Analysing IP – put simply
I recently came up with the ‘6T’s’™
framework to provide a simple structure for executives to analyze
intellectual property. Here it is
— please let me know what you think.
Intellectual property is all about monopolies. To get a handle on the extent of the
monopoly, and its ramifications, think about:
- Type of IP
- Time (until expiry)
- Territories (in which IP is held/registered)
- Terminated (ie the status of
the IP — is it in force)
- Technical Scope of the monopoly
- True monopoly? (validity)
You should be able to assess items 1 and 2 yourself. Items 3 and 4 you can (generally) get from
a searching company. Items 5 and 6
will require expert advice from a qualified attorney, and (depending on the
issue at hand) in each jurisdiction of interest to you.
This is obviously a simple tool
and there are many, many jurisdiction-specific complexities. It is meant to trigger a useful line of
questions and is not the ‘last word’ in any jurisdiction on the
Type of IP
Although they overlap,
different types of IP cover different things.
In (very) brief form:
Patents cover the practical
implementation of a useful idea.
Trade Marks cover a sign used to
indicate a connection between the originator and their goods or services.
Registered Designs cover the
‘visual look and feel’ as applied to a particular article.
Copyright covers pretty much anything
as soon as it is reduced to (recorded in) material form. (Yes, this is over-simplified.)
Confidential Information covers things
that you can (and do) keep secret.
Don’t forget that they
overlap — so for example the shape of a simple mechanical device could theoretically be protected by all of
the above forms of IP.
All of the other aspects of the
monopoly are irrelevant if it has expired.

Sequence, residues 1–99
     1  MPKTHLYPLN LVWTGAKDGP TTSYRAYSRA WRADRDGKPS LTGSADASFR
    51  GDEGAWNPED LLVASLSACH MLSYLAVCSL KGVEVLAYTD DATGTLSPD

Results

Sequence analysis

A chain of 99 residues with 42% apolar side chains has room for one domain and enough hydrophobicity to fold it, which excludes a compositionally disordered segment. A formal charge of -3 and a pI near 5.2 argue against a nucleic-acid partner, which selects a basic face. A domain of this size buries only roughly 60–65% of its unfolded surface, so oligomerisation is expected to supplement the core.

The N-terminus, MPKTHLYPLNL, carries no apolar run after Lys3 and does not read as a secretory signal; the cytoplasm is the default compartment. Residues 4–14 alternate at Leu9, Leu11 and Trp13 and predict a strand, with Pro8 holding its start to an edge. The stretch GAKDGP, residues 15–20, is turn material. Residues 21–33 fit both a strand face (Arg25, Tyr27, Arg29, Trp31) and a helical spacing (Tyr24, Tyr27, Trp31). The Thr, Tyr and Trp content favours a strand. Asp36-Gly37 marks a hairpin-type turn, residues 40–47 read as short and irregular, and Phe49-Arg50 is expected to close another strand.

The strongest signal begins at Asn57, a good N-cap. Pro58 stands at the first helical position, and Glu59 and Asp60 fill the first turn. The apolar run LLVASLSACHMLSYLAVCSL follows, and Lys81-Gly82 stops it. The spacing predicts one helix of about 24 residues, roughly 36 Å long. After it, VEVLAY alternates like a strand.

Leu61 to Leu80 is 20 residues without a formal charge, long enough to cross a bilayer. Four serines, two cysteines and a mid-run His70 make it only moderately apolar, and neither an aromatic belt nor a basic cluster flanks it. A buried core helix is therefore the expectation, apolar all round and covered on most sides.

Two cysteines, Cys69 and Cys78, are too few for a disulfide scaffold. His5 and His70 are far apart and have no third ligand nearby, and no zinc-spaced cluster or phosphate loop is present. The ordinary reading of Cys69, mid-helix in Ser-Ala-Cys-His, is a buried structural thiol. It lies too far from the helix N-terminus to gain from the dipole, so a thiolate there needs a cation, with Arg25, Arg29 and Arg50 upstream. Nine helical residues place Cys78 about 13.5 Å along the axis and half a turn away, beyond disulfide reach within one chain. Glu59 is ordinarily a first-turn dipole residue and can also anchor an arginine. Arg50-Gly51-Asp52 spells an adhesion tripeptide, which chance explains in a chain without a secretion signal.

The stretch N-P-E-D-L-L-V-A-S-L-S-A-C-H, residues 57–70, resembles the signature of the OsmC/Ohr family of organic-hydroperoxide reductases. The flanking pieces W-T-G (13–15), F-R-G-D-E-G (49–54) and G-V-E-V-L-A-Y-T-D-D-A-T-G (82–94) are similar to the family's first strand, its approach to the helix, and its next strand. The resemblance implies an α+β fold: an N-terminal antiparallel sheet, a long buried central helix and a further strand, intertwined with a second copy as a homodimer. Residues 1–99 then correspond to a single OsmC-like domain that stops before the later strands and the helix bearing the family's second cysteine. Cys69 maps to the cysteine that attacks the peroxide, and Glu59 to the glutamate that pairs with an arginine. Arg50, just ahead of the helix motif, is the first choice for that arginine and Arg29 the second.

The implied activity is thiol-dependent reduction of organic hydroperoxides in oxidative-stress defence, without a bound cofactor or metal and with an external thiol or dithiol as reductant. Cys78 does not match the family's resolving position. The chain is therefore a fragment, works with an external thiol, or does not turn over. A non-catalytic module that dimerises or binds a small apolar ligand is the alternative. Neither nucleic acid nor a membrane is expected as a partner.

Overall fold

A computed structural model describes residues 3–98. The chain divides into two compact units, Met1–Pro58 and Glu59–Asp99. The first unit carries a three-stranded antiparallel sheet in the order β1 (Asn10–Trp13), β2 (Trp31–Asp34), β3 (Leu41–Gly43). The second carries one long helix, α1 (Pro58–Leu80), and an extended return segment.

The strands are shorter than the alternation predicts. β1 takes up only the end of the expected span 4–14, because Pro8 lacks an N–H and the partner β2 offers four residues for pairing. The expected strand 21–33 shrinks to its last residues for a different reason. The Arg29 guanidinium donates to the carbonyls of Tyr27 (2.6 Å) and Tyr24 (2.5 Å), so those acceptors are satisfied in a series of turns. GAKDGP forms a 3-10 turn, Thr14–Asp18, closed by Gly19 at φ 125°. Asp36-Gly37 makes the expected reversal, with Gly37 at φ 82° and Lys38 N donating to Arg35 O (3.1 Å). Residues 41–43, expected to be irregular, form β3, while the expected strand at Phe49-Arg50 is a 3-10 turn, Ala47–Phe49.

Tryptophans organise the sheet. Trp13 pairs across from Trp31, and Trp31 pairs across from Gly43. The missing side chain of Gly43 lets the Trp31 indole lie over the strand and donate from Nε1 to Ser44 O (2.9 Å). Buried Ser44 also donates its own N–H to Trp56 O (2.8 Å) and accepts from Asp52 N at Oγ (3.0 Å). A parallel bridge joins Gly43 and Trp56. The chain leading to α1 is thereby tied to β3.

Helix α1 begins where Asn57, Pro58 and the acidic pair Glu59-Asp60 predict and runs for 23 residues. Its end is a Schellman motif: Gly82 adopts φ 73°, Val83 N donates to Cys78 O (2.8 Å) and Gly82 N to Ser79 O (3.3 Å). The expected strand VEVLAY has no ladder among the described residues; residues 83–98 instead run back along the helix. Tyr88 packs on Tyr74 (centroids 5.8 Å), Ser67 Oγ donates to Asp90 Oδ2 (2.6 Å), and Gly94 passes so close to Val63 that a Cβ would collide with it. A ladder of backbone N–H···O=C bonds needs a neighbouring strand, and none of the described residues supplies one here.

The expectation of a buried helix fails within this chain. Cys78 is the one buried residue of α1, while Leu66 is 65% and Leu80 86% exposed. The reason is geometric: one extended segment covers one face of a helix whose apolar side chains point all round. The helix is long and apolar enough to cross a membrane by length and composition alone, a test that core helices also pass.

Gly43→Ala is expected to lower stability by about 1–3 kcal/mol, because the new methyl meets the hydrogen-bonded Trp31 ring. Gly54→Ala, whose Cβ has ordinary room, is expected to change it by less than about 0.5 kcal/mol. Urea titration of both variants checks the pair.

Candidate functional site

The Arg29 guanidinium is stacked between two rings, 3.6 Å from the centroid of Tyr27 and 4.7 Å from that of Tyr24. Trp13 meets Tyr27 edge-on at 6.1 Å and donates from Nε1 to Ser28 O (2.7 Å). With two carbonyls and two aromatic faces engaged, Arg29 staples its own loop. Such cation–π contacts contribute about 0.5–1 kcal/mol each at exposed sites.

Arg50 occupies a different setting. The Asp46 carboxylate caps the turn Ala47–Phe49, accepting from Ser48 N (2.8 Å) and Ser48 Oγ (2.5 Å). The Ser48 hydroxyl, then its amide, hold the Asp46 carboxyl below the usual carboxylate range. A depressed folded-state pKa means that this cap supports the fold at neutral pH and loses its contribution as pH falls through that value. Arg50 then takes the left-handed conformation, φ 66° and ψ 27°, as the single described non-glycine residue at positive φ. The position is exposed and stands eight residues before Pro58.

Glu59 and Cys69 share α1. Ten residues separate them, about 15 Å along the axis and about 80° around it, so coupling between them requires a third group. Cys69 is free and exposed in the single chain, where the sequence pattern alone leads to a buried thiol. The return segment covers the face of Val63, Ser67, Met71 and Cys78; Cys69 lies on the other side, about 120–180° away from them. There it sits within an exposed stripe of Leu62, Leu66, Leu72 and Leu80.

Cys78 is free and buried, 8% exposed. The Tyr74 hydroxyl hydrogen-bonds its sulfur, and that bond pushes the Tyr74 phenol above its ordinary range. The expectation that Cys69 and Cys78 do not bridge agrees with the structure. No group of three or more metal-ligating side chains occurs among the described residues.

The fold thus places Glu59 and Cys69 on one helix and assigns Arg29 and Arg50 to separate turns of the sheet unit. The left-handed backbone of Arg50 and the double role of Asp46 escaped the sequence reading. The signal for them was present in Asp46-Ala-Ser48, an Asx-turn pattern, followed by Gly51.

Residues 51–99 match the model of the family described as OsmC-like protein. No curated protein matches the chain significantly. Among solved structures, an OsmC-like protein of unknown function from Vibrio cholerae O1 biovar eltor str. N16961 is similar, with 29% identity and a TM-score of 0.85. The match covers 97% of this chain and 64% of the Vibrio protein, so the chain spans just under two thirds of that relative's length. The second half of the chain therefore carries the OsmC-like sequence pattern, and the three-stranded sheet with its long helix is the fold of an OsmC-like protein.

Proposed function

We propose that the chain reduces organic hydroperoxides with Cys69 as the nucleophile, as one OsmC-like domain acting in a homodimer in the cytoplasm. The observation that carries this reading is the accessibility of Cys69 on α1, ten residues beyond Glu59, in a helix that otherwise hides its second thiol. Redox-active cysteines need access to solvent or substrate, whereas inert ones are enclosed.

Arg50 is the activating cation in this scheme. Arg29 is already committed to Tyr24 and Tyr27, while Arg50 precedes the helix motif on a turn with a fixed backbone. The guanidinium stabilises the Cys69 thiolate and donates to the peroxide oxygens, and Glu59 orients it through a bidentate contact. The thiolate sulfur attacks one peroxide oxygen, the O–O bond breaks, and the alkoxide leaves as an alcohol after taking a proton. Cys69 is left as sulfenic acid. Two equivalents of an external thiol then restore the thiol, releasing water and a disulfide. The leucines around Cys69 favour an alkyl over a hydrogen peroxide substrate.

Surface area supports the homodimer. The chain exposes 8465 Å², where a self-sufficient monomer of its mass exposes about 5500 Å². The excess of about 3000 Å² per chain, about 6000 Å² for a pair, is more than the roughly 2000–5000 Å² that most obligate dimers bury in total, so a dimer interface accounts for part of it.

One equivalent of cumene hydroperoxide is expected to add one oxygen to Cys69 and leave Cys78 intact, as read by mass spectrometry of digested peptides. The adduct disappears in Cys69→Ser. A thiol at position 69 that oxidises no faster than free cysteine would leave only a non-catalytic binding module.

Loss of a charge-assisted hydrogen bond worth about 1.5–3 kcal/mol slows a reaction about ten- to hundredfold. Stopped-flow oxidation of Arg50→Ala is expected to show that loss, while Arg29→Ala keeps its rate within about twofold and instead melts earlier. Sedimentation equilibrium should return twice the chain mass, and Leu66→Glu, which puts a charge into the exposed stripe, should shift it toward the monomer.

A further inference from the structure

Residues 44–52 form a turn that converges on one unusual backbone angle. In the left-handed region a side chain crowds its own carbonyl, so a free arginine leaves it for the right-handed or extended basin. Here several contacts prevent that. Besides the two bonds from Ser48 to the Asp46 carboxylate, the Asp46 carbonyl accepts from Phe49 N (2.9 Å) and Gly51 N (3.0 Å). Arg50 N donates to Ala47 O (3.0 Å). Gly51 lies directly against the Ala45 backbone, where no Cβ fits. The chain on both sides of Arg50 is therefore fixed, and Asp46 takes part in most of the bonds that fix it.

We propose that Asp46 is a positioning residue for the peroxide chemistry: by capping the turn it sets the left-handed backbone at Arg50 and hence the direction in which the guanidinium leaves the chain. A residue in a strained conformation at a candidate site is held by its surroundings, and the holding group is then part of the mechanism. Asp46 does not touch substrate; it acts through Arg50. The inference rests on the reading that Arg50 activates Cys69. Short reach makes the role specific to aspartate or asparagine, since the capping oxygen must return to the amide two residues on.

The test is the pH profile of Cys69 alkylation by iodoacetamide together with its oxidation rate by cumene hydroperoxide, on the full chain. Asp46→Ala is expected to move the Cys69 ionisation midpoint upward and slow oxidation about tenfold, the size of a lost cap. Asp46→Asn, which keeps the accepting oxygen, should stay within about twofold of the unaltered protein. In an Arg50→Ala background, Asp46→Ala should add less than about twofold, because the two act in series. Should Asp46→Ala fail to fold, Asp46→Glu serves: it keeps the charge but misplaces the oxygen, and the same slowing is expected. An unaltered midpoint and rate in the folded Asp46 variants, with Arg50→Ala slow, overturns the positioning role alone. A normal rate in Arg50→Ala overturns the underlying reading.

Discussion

So, this is an easy first item to check.
Patents — generally 20 years
from filing a ‘full’ application (eg. a
PCT application). (Extensions / SPCs are possible depending on the technology and
Trade marks — for as long as you
pay maintenance fees
Registered Designs ~ 10 years
Copyright ~ Life of the author plus
‘x’ years (‘x’ depends on the jurisdiction: eg. 50 or 70)
Confidential Information — for
as long as you can keep it secret.
With a simple search, you can
find out whether registered intellectual property protection has been sought
in countries of interest to you. This
obviously applies to Patents, Trade Marks and Registered Designs, but not
Copyright or Confidential Information.
(In the US
you can check copyright registration at www.copyright.gov — but something may still be
protected by copyright, even if not registered.)
(status of the IP)
help of a searching company you can obtain a reasonable indication of whether
payment of maintenance fees is up to date in countries of interest to
you. Here are a couple of provisos
to be sure of status information,
you will need to get local attorneys in each country to confirm (and even
then sometimes they won’t be able to tell); and
IP rights can be revived, even after they have lapsed — so you may need
expert advice about this.
definitely need an IP expert to assist you with this. To give you a flavour of the analysis, it
is (mostly determined by):
for patents – the words of the
for trade marks – the degree of
similarity to the registered mark and the classes of goods and services for
which the mark is registered compared to those in which the alleged
infringement has occurred;
for Registered Designs – the
similarity to the Design
for Copyright – whether there has
been copying and the extent of any copying;
for Confidential Information –
whether there was a prior obligation of confidence and whether it was
monopoly (validity of the IP Right)
is an area where you will need specialist assistance.It is possible to challenge the validity of
most intellectual property rights.This may be via type-specific attacks (such as obviousness for patents
or descriptiveness for trade marks), or based on ownership, or rights to the
IP by the other party.